[1] Mikio Fuse, ‘Japanese in VI.B.12: Some Supplementary Notes’, Issue 7 (Spring 2007), http://www.geneticjoycestudies.org/articles/GJS7/GJS7mikio

[2] Mikio Fuse, ‘Introduction to The Finnegans Wake Genetic Research Archive (in Progress): Part 1. The Document Data,’ Genetic Joyce Studies, Issue 17 (Spring 2017), http://www.geneticjoycestudies.org/articles/GJS17/GJS17_Fuse

[3] See Robbert-Jan Henkes & Mikio Fuse, ‘INSIDE D1, Genetic Joyce Studies, Issue 12 (Spring 2012), http://www.geneticjoycestudies.org/articles/GJS12/GJS12_Henkes_Fuse

[4] Mikio Fuse and Asanobu Kitamoto’s work on the project is set out (in Japanese) in ‘Groundwork for a TEI-based Digital Genetic Archive’, Proceedings of IPSJ SIG Computers and the Humanities Symposium 2012, 2012-11, 143-150, http://id.nii.ac.jp/1001/00087014/

Bloomsday Festival 2019

The James Joyce Centre, in Dublin, has announced the schedule for their 2019 Bloomsday Festival. It will feature a wide array of events and speakers on a range of topics including multiple walking tours, a “Ulysses Haiku Project,” a discussion on how to imagine Lucia Joyce, a pub crawl, and an interview with Senator David Norris.

Space in each of the events are limited, and they are filling up fast. If you plan to be in Dublin, click on the links below and sign-up for a spot!

June 10th

June 11th

June 12th

June 13th

June 14th

June 15th

Finnegans Wake at 80 in Dublin

History of Joyce Music by Sara Jewell

Finnegans Wake, the book that has baffled and delighted readers since 1939, turns eighty this year. To celebrate this monumental publication anniversary, there are multiple events scheduled in Dublin this spring, which explore the book through a variety of academic, artistic, and popular approaches.

The festivities begin April 11-13 with “Finnegans Wake at 80” , a symposium organized by Sam Slote at Trinity College Dublin. With an emphasis on genetic analysis of the text as well as Joyce’s manuscripts and notes, the symposium features three days of academic presentations and includes keynotes by Chrissie Van Mierlo and Tim Conley.

“James Joyce’s Finnegans Wake is many things,” says Sam Slote, “but it is not always easy to agree about which things it may or may not be, a book of ‘changending constancies’, a ‘laughsworth of illformation’, and a ‘hiberniad of hoolies’. Its playful and mesmerising obscurity have elicited numerous responses and reactions in the eighty years since its first full publication.”

The symposium is significant because it marks a major shift in the way Finnegans Wake is received in academic circles. “When I was graduate student, papers – let alone whole panels – on the Wake at Joyce symposia were few and far between,” explains Slote. “Whereas for the past ten years or so, symposia have been filled with many excellent papers and panels on the Wake. ‘Finnegans Wake at 80′ is, I believe, only the third conference fully devoted to the Wake and, certainly, the first in Ireland.”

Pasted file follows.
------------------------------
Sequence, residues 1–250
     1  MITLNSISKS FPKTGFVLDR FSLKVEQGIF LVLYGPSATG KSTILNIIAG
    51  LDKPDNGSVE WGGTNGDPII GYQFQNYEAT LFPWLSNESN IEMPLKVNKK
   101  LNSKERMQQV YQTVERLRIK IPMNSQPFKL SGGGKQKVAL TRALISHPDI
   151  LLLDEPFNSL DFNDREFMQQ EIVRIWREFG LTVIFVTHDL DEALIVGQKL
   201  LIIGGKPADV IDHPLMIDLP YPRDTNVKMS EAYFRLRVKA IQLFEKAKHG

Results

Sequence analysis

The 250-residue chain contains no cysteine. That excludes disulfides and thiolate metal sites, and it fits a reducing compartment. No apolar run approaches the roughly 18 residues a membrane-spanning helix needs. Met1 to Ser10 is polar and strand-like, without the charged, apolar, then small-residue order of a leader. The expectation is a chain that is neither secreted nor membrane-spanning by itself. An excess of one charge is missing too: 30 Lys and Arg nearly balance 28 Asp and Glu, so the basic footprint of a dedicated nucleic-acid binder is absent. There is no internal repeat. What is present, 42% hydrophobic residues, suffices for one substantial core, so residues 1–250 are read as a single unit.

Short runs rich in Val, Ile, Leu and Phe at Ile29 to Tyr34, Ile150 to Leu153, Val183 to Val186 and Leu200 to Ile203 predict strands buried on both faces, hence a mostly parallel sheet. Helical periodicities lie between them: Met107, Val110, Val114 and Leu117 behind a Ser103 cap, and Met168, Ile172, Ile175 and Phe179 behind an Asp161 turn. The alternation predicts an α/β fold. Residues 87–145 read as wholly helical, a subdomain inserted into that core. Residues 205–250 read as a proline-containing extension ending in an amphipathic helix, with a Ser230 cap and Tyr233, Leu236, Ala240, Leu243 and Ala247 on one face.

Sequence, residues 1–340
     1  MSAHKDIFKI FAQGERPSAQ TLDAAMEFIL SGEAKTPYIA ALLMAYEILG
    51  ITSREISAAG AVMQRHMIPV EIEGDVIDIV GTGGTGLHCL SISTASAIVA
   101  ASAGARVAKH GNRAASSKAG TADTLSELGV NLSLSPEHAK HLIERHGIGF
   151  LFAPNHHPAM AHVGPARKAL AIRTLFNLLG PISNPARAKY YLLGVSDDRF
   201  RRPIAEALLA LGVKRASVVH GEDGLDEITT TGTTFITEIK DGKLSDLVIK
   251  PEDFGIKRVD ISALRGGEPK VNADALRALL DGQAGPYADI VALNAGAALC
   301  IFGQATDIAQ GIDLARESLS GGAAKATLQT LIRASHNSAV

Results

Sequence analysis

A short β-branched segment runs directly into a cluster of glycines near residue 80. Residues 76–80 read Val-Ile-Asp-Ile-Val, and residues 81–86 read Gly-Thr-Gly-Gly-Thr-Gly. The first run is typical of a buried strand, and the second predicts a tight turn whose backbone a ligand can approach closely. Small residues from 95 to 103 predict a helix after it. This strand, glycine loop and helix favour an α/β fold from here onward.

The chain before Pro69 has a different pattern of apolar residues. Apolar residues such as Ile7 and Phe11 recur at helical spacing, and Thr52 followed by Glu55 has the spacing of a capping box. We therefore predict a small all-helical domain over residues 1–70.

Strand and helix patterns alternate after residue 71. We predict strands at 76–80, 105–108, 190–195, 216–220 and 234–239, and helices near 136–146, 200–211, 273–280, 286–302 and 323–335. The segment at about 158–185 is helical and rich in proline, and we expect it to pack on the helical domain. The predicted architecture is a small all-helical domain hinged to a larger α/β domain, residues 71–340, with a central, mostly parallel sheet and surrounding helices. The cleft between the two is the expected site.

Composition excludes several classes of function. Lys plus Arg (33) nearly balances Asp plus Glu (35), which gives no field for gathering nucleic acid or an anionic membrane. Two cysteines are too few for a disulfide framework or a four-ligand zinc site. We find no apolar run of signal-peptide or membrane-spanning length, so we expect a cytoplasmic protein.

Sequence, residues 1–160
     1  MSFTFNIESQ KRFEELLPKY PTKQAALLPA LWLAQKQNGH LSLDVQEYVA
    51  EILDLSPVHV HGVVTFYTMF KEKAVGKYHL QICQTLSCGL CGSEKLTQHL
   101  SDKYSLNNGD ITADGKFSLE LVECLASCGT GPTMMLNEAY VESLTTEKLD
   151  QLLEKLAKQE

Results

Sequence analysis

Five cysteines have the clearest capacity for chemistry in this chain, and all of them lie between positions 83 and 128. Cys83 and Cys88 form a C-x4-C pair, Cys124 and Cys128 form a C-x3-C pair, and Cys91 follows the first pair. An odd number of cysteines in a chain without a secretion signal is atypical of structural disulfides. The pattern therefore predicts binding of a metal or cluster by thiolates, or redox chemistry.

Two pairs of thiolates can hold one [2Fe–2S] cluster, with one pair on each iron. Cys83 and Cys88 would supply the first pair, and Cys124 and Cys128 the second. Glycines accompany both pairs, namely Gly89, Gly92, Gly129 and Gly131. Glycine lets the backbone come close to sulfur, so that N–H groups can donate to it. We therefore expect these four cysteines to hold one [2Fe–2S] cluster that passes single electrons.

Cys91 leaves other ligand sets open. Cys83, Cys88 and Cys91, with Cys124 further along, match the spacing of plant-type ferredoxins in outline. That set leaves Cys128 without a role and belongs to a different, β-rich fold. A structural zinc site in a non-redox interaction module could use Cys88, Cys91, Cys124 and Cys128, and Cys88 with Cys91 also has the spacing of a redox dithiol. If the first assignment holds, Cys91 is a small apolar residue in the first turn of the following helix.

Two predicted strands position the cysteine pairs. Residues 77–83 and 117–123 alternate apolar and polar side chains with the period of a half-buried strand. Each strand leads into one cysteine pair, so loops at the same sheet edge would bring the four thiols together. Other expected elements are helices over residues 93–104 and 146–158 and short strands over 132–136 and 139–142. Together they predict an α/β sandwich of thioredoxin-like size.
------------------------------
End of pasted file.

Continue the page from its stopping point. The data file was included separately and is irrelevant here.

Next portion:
In addition to the scheduled papers and presentations, the symposium’s roundtable on translating Finnegans Wake with Congrong Dai; Robbert-Jan Henkes & Erik Bindervoet; Enrico Terrinoni is sure to provide fascinating perspective on the Wake’s multilingual nature. “With its many languages, Finnegans Wake could be said to be about translation,” says Slote, “and likewise, in some weird, even perverse manner, translation is about Finnegans Wake — that is, the Wake tells us something about what translation can and cannot do.”

The “Finnegans Wake at 80” symposium is sponsored by the Trinity Long Room Hub, the Trinity Centre for Literary and Cultural Translation, the Making Ireland research theme, and the James Joyce Centre, Dublin. On Friday, April 12, the Joyce Centre will also host a special Wake reading group for symposium speakers.

Immediately following the symposium conclusion on Saturday, April 13, Genevieve Sartor is organizing a special afternoon event entitled “Lucia Joyce: Perspectives,” in the Trinity Long Room Hub at Trinity and supported by the School of English.

“The event will feature presentations and performance to explore the qualities of Lucia’s character, her influence on contemporary writers, playwrights and dancers, as well as her impact on Finnegans Wake,” explains Sartor. While taking place at Trinity College, Sartor seeks to make thoughtful approaches to Lucia and her legacy more accessible, and the event is geared toward a general audience.

The festivities continue at the James Joyce Centre with the “Finnegans Wake-End,” May 3rd through 5th, with a full programme of events supported by Ireland’s Department for Culture, Heritage and the Gaeltacht.

The “Wake-End” features Gavan Kennedy’s “Finnegan Wakes Film Project,” a participatory project that captures readers around the world reading from the Wake. Kennedy previously filmed readers at the Ossenmarkt plaza in Antwerp during the 2018 James Joyce Symposium. Kennedy and Wake scholar Finn Fordham also ventured to Burning Man to record readers on the playa last September.